California's code-based HIV reporting system is faulty and inaccurate and could cause the state to lose up to $50 million in federal funding as of 2007 if it is not revamped, experts said.
While most states track HIV cases by reporting the names of patients in a confidential database, California is among a handful of states that assigns each patient a coded number to better protect individuals' privacy. Healthcare officials say the data are often entered incorrectly, forcing experts to spend hours tracking down records and creating a massive backlog. And the Centers for Disease Control and Prevention won't accept the data, which means California could lose a sizable chunk of money in federal funding in the coming years.
George Lemp, director of the University of California's Universitywide AIDS Research Program, said duplication is a common problem in HIV reporting because people are often loathe to give their real names when they come in for treatment and because of common errors in entering the data. Those problems could be straightened out by cross-checking the information entered, said Lemp, who headed San Francisco's AIDS reporting system -- which does use names -- for nearly a decade.
But with the code, "You have no way to resolve it," he said. "The less information you have, the larger backlog of unknowns cases is going to be and the more resources you have to spend."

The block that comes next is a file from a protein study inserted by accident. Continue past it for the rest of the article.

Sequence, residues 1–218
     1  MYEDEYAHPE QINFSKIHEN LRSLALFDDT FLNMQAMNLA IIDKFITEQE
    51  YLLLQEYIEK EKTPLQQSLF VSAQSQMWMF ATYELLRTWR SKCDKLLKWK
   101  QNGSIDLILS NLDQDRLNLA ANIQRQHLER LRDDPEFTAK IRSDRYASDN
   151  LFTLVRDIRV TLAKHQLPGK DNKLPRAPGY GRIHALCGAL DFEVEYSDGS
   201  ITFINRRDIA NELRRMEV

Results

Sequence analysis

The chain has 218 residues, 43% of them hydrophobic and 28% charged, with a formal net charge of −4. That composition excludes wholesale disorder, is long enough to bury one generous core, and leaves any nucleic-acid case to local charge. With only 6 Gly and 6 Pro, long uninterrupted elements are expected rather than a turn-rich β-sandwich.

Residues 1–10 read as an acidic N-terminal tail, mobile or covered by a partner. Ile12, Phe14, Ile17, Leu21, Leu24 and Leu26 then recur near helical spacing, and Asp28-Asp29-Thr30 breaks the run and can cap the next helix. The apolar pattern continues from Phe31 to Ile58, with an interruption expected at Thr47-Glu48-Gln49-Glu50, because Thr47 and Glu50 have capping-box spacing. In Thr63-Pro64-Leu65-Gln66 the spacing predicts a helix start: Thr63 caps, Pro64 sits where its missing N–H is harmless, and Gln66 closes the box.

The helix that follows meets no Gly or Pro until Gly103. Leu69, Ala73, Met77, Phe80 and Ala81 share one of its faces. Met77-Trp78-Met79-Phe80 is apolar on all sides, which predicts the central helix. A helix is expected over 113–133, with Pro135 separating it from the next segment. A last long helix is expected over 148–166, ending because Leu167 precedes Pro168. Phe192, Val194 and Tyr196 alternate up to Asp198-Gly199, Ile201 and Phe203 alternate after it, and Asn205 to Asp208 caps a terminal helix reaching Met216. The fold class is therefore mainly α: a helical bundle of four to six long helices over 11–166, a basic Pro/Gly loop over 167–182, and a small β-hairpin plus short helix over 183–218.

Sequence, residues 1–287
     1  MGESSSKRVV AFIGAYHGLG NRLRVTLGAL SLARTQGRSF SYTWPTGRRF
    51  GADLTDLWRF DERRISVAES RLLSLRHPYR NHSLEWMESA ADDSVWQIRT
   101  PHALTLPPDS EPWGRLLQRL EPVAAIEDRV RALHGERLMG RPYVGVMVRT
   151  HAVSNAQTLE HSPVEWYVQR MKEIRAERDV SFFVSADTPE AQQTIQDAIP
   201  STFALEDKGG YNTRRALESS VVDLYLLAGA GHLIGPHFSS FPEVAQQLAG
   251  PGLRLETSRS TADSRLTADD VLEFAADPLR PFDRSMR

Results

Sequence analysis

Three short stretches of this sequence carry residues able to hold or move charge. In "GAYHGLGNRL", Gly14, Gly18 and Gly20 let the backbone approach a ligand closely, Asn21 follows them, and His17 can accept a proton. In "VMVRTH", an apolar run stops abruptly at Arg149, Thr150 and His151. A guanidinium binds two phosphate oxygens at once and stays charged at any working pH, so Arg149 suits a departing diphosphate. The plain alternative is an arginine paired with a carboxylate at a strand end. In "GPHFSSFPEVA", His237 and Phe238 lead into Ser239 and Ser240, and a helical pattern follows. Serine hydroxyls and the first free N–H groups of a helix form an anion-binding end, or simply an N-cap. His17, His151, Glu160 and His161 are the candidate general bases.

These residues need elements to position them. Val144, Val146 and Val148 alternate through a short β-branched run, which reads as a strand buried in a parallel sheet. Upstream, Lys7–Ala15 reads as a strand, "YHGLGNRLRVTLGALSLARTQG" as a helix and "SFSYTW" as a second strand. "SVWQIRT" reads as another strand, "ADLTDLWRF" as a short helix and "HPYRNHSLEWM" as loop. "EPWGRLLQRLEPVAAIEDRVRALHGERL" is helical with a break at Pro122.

Still, some in the Legislature have been hesitant about making the switch and say California might be able to get a waiver.
Until now, federal funding has been allocated on the basis of the number of AIDS cases, but with new drugs, more people are living with HIV without progressing to AIDS, and the AIDS statistics are no longer as useful in allocating treatment money, Lemp said.
Under the reauthorization of the Ryan White CARE Act, which will go into effect in 2007, the federal government will begin handing out money to states based on the number of HIV cases. If California's HIV data aren't accepted by the CDC, state officials estimate they could lose up to $50 million for the state's $270 million AIDS medication program.
Michael Weinstein, president of the AIDS Healthcare Foundation, said holding out hope of a waiver is like "playing a game of chicken with the government," adding "it could lead to the loss of many lives."